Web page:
The only difference is that the wheels rotate faster.

If in doubt draw a free body diagram of the aircraft showing the force acting on it.
 
  • #30
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  • #31
Brad Jensen
To reduce this problem to its simplest terms, imagine that the velocity of the airplane and the velocity of the treadmill are equal, at zero. What happens?

The answer without all the nitpicking is no, the plane will not take off unless it is moving relative to the air it is in. If it is on a treadmill moving backwards at the same rate the plane is moving forward, it will not lift into the air.


Unless it is a Harrier jump jet., or AV8, with thrust vectoring. Or an Osprey. They can take off with thrust vectoring in still air.
 
  • #32
jbriggs444
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If it is on a treadmill moving backwards at the same rate the plane is moving forward
That's the ambiguous condition this thread started with. Is the plane moving forward relative to the ground or relative to the treadmill?
 
  • #33
berkeman
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  • #34
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If it is on a treadmill moving backwards at the same rate the plane is moving forward, it will not lift into the air.
The best way to visualize this problem is to imagine that you've taken your model airplane (with properly rotating wheels) into a grocery store, set it down on the conveyor belt, and are pushing it. Can you push it against the direction of the belt? Yes, whether the belt is moving or not. What do the wheels do when you push it against the direction of the belt? They turn. If the belt is moving while you're pushing they turn faster, but that's all.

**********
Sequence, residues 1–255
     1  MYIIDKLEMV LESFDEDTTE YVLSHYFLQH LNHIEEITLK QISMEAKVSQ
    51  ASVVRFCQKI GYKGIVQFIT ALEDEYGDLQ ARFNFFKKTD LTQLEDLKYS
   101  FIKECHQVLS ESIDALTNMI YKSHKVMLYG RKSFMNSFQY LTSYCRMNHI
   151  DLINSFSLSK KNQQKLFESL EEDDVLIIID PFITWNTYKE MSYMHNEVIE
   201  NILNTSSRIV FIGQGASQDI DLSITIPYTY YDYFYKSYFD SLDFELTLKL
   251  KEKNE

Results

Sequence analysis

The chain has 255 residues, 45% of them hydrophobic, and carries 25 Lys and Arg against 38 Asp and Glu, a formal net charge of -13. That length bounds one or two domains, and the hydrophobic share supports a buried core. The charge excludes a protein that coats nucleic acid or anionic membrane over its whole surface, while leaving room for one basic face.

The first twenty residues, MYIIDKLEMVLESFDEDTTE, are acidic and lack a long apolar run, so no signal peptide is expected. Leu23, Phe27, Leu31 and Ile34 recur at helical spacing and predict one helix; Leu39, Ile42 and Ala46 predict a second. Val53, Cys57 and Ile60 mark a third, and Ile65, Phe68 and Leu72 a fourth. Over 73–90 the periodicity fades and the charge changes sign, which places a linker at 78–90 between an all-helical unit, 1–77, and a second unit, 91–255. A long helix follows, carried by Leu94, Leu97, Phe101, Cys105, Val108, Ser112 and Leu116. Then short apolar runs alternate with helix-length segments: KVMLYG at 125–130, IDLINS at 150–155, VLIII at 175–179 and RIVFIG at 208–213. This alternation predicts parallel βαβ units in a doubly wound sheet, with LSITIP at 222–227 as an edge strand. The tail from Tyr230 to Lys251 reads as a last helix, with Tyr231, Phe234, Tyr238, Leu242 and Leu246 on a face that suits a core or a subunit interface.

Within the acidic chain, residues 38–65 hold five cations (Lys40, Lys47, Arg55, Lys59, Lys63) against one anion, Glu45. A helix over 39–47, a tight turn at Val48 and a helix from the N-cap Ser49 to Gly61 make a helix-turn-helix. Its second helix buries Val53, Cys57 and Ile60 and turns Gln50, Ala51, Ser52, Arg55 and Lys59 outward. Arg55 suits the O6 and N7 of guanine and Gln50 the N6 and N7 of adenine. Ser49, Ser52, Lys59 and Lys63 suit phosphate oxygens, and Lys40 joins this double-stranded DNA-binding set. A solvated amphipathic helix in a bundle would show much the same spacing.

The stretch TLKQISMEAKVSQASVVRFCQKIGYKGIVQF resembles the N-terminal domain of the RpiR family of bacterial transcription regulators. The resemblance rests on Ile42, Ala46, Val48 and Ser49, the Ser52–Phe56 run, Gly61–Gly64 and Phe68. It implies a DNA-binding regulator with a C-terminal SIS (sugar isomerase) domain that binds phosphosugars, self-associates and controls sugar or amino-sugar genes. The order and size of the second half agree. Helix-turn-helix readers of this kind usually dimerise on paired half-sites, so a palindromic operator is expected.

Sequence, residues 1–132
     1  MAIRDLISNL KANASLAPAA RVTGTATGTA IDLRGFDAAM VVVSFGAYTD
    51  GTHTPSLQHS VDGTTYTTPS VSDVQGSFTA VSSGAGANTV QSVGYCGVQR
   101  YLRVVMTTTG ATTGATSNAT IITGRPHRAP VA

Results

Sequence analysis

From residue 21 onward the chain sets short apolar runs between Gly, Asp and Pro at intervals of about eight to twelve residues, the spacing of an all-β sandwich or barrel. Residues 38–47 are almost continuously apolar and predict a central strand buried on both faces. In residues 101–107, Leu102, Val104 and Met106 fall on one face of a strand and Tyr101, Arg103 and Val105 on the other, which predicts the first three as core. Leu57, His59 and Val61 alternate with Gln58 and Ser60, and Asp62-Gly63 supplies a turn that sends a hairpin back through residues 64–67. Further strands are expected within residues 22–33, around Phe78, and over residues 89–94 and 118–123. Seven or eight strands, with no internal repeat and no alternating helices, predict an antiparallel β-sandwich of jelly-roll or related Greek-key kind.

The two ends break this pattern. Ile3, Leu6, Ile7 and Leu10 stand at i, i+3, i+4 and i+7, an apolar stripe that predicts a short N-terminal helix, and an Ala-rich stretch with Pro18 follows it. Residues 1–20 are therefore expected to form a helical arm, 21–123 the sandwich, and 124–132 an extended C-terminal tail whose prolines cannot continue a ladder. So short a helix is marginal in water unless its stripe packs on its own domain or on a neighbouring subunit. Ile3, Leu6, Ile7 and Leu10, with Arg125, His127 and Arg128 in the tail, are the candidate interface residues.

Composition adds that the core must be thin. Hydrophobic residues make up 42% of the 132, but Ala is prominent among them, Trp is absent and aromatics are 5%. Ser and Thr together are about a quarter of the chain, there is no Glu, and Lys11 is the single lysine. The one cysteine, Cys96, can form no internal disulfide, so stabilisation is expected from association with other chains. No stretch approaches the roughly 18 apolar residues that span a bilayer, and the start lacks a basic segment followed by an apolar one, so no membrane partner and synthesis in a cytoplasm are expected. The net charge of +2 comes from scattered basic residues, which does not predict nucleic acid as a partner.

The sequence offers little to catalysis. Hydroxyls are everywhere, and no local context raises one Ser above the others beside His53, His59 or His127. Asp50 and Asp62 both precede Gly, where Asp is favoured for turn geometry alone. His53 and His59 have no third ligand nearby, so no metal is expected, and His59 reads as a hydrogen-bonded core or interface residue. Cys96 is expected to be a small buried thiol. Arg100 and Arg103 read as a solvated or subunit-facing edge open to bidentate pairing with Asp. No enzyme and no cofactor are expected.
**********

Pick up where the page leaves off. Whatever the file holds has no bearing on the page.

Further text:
The thrust from the engines is no different than the force of your hand pushing the toy airplane: the thrust is pushing the airplane forward relative to the air. Is there any force acting on the airplane in the opposite direction to resist the engine thrust? There is if the airplane is tethered to the treadmill or if the wheel brakes are locked so that the wheels cannot turn. In this case the airplane remains at rest relative to the treadmill and its wheels do not turn. There is if the airplane is tethered to the ground; in this case the airplane remains at rest relative to the ground while the treadmill moves and the wheels turn.

However, if the airplane is not tethered and the wheels are free to spin, then there is nothing to oppose the thrust of the engines so the plane accelerates forwards relative to the air, the ground, and the treadmill. The wheels turn faster because the airplane is moving relative to the belt, that exerts no force on the airplane.
 
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  • #35
russ_watters
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I think we've beaten this to death. We'll keep it locked.